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Drought, security concerns slow down Afghan economy: IMF

WASHINGTON: (Web Desk) The International Monetary Fund projected on Saturday that Afghanistan’s GDP growth will be 2.3 per cent this year, below the 2017 growth rate of 2.5pc and 2.4pc in 2016. It is still considerably better than the 1.3pc recorded in 2015.

The IMF blamed a recent “drought and the challenges brought about by political uncertainty and deteriorating security conditions” for this contraction.

Growth is projected to pick up to 3pc in 2019 as agricultural production recovers. Inflation is expected to average 3pc in 2018.

An IMF team led by its senior official Christoph Duenwald visited Tashkent during Sept 25–Oct 2 to conduct discussions on the fourth review of Afghanistan’s economic programmeme supported by a three-year IMF Extended Credit Facility (ECF) arrangement. During the mission, the team met Afghan authorities to discuss the latest economic developments and review implementation of reforms under the ECF. At the end of the mission, Mr. Duenwald observed that “donor grants continue to finance large budget and trade deficits” in Afghanistan, “allowing treasury cash balances and international reserves to remain at comfortable levels.”

In March, the IMF had projected a 2.5pc growth rate for Afghanistan this year, the same rate as recorded in 2017, but also warned that continuing security challenges could have an adverse impact the Afghan economy.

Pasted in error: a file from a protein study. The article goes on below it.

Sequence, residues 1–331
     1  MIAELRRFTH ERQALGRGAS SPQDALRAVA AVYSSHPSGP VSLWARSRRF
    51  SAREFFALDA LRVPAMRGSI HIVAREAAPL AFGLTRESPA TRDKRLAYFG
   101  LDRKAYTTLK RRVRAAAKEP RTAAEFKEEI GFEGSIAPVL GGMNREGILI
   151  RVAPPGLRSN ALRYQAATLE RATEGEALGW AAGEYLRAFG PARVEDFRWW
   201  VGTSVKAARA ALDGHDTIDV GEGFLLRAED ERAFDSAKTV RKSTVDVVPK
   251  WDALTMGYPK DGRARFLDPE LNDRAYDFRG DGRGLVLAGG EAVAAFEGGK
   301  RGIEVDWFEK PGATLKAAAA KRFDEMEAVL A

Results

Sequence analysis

In Tashkent, the IMF team and the Afghan authorities reached staff-level agreement on the completion of the fourth review under the ECF arrangement. The agreement is subject to approval by the IMF Executive Board, which meets in December 2018. Upon completion of this review, SDR 4.5 million (about $ 6.1m) will be made available to Afghanistan, bringing total disbursements to SDR 22.5m.

The team discussed with the authorities Afghanistan’s implementation of the economic reforms supported by the ECF. The programmeme sets out a structural reform agenda focused on institution building; fiscal and financial reforms while safeguarding social and other priority spending.

It also suggests measures to combat corruption, to lay the foundations for scaled up private sector development and higher inclusive growth. The IMF team commended Afghan authorities for prudent macroeconomic management and achieving progress under challenging circumstances and discussed follow up actions that would help move the reform agenda forward.

“Afghanistan continues to face daunting challenges, with the perilous security situation hurting confidence and growth. The drought, which affects two-thirds of the country’s provinces, as well as regional economic difficulties that are spilling over to Afghanistan, are compounding these challenges,” Mr. Duenwald said.

He noted that donors continued to stand by Afghanistan, providing it with much needed financial and technical assistance support.

During next month’s donor conference in Geneva, Afghanistan will have an opportunity to showcase the reform progress it is making and to explain to the international community why it deserves its continued backing.

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